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There are many companies that rely on collection of data as the method of preserving it (legal hold).  It is not less effective than sending notices to preserve, certainly, as legal has taken custody of the data to be preserved.

Be cautious of shifting the problem, though.  Companies that use this approach with large or diverse litigation often end up with a dedicated collection staff who collect documents for every case even though a large majority never proceed to discovery and the vast majority settle anyway.  Legal will need and want to distinguish between what was collected to preserve and what needed to be collected for production -- without having to repeat the collection and without duplicating the data if possible.  This requires more than trivial record keeping and inventory.  The other unintended consequence is a very large pile of legacy data accumulated in legal from every single matter that comes in the door (not just those that proceed to discovery) that is uninventoried and just as difficult to destroy at the end of the case -- and is itself subject to future legal holds.   This pile can easily reach 100TB in 12 months depending on your litigation load, data volume, and method of data/discovery management.   Think 2-6GBs/person times your matter volume times your average custodian count; avoid imaging everything!  Depending on your litigation volume and the diversity of information sought, collecting to hold may be the most expensive approach.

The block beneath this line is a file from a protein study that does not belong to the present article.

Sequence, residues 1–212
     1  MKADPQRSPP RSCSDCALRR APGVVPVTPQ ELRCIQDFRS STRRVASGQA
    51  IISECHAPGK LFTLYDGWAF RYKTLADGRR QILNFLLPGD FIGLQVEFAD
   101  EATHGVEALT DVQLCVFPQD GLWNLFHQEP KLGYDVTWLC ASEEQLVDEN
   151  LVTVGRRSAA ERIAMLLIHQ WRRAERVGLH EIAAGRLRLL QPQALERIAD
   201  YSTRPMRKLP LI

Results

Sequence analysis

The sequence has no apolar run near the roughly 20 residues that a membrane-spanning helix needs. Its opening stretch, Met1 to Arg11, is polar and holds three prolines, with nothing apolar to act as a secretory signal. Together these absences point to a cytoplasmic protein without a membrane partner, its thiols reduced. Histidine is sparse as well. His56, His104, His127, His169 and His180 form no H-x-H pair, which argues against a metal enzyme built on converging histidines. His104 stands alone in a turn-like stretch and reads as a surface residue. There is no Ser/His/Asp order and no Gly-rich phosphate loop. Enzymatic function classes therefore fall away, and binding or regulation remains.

A few options for reducing the cost and complexity might include:
1. Increasing the precision of your notices so they are easier to read by the recipient (RIM, IT and general employees all think in different information contexts).

2. Creating an employee portal that shows the current legal holds and current retention schedules applicable to a single employee -- they don't need to fish in their inbox for hold notices and look somewhere else for retention schedules as they'll have a more definitive and easier source of truth.